Max Lloyd-Jones has been seen in “Switched at Birth,” “iZombie” and “The Sandlot”
attends “War for the Planet Of The Apes” premiere at SVA Theater on July 10, 2017 in New York City.
When Luke Skywalker showed up on “The Mandalorian,” it certainly looked a lot like the Jedi we know and love. And we’d recognize Mark Hamill’s voice a mile away. But the actual in-the-flesh actor was Max Llyod-Jones. Let us introduce you.
Although the London-born thespian isn’t a household name, he has a pretty solid resume, including “Adventures in Baby-Sitting,” “The Sandlot,” “iZombie,” “Switched at Birth” and “Project Blue Book.” And perhaps most interestingly, he’s credited for the role of Blue Eyes, a.k.a. the chimpanzee in “War for the Planet of the Apes.” That’s a pretty high-profile CGI-based role, so it makes sense as to why Lucasfilm might have turned to him to do some CGI acting for one of their most famous Jedis.
Aside from the fact that Mark Hamill, obviously, can’t play his younger self anymore (sorry, Mark), it’s not out of the ordinary to have another actor step into the role. Yes, Hamill will always be known as Luke Skywalker, but like any popular character, others have stepped into the role over the years depending on the medium that Luke is appearing in.
Voice actor Bob Bergen is probably the most well-known, as he’s an “official” voice double for Hamill, who has played the character in numerous video games and computer games over the years. Eric Bauza has taken on the role of Luke in the characters’ many Lego adventures, including “Lego Star Wars: Droid Tales,” “Lego Star Wars: Yoda Chronicles” and, the most recent, “Star Wars Holiday Special.” “Critical Role” Dungeon Master Matthew Mercer voiced the character in the “Star Wars: Battlefront II (EA”) video game in 2017, and Christopher Corey Smith voiced Luke when he showed up in a 2014 episode of “Phineas and Ferb: Star Wars.”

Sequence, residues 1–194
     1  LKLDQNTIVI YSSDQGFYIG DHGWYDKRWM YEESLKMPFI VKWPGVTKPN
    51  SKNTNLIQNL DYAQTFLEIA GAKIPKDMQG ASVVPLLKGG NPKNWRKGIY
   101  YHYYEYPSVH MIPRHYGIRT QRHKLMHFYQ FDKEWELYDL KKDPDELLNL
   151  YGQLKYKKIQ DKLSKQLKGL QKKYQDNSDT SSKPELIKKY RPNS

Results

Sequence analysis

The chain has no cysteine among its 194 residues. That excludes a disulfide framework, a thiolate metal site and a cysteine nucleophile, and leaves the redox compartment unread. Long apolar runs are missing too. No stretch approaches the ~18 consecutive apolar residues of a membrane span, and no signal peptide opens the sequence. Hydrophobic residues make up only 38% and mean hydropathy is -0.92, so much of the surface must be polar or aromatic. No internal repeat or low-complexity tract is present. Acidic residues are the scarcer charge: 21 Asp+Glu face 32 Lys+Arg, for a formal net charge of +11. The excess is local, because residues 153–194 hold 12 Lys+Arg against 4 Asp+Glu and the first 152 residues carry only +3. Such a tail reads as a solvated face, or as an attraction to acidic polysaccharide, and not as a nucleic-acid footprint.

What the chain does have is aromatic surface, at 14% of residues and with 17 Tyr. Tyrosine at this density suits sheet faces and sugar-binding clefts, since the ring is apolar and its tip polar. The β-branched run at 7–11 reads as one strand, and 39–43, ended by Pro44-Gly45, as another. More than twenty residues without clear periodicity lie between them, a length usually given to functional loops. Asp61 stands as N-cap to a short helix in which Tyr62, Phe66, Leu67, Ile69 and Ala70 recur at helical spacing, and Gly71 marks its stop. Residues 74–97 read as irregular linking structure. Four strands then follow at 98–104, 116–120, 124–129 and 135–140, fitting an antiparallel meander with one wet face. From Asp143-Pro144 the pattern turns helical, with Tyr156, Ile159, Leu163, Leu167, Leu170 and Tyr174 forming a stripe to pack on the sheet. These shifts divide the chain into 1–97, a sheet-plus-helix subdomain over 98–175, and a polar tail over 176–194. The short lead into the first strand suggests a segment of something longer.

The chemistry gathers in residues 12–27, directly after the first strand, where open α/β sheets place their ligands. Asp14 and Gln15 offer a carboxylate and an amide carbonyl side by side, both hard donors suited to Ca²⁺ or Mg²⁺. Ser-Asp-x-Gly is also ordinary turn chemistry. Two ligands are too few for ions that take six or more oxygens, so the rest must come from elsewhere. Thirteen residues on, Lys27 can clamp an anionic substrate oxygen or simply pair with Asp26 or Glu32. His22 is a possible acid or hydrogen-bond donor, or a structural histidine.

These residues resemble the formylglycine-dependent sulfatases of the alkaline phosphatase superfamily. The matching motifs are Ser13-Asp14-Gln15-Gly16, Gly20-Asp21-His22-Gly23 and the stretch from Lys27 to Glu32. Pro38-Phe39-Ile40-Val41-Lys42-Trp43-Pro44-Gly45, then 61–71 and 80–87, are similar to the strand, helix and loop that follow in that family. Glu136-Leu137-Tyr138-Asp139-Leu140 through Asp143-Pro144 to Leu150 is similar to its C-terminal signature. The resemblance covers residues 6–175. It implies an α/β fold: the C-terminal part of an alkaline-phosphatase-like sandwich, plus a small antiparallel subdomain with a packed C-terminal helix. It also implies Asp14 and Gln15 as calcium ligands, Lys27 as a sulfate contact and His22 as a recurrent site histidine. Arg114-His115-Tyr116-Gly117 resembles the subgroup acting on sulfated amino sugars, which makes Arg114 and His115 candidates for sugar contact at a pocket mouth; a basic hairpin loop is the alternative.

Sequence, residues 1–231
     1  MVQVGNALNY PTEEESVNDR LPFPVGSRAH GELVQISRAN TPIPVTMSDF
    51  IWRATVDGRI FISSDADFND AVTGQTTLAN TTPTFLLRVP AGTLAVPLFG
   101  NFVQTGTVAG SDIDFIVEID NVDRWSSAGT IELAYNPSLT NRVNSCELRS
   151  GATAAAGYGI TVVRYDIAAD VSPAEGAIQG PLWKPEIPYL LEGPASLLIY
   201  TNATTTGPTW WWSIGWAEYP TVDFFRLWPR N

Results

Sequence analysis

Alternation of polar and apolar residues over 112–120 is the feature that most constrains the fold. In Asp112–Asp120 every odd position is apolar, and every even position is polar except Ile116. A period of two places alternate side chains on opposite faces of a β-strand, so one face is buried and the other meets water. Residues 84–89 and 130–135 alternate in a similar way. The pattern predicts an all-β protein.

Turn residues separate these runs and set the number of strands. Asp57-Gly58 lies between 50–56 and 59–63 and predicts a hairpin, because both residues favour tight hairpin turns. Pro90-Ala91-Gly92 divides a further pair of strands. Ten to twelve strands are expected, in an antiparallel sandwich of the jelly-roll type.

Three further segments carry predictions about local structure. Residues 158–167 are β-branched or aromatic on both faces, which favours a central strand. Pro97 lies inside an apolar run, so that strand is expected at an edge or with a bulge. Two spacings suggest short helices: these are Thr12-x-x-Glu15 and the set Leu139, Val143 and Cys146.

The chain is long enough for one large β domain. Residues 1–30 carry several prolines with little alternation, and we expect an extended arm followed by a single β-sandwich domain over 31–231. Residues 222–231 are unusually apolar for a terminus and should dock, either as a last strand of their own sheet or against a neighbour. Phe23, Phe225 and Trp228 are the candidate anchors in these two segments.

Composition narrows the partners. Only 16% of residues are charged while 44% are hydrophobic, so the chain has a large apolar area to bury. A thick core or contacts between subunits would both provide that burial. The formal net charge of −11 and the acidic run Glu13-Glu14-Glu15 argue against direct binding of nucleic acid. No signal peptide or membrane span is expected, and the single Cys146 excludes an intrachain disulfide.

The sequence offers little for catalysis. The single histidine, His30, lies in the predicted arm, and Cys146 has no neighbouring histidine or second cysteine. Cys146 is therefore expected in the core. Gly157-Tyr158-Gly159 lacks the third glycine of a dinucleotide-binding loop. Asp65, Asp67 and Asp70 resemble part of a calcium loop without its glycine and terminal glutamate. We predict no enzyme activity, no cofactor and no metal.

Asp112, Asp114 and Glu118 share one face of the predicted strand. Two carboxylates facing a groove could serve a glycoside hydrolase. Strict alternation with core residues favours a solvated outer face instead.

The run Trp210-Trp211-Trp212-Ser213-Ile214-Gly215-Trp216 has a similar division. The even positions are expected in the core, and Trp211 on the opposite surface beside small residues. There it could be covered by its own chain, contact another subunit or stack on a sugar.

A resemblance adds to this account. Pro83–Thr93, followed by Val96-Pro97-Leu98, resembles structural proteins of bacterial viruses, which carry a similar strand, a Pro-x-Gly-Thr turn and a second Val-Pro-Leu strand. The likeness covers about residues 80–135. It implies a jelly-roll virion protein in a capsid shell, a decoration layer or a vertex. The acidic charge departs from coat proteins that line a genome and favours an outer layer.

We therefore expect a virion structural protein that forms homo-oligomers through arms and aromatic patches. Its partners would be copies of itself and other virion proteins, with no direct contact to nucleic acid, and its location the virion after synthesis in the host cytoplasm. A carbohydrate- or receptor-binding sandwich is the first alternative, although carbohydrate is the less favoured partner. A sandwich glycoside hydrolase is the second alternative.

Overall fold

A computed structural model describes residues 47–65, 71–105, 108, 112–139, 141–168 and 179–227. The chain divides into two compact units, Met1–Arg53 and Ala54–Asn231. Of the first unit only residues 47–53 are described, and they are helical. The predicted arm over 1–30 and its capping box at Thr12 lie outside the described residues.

In short: Llyod-Jones can now say he’s joined that special hall of fame of actors who have stepped into Luke Skywalker’s shoes. He also joins a small but special group of people who have been trusted to help bring beloved “Star Wars” characters to life when their usual actors couldn’t — though in those cases, the situations warranting CGI and body doubles were a little heavier. (R.I.P Peter Cushing and Carrie Fisher.)
We don’t know at this point whether or not we’ll see Lloyd-Jones again or even hear Hamill’s voice again. For all we know, Lucasfilm could completely upend our expectations and finally give us the “Sebastian Stan as Young Luke” fancast of our dreams. Or maybe we won’t see Luke in “The Mandalorian” at all anymore. Maybe this was just a stepping stone to bridge the “Star Wars” universes so Mando’s story could continue.
But for now, we can appreciate Max Llyod-Jones and the fact that he got to say, for a little while, that he was Luke Skywalker. That’s gonna look really good on his resume.
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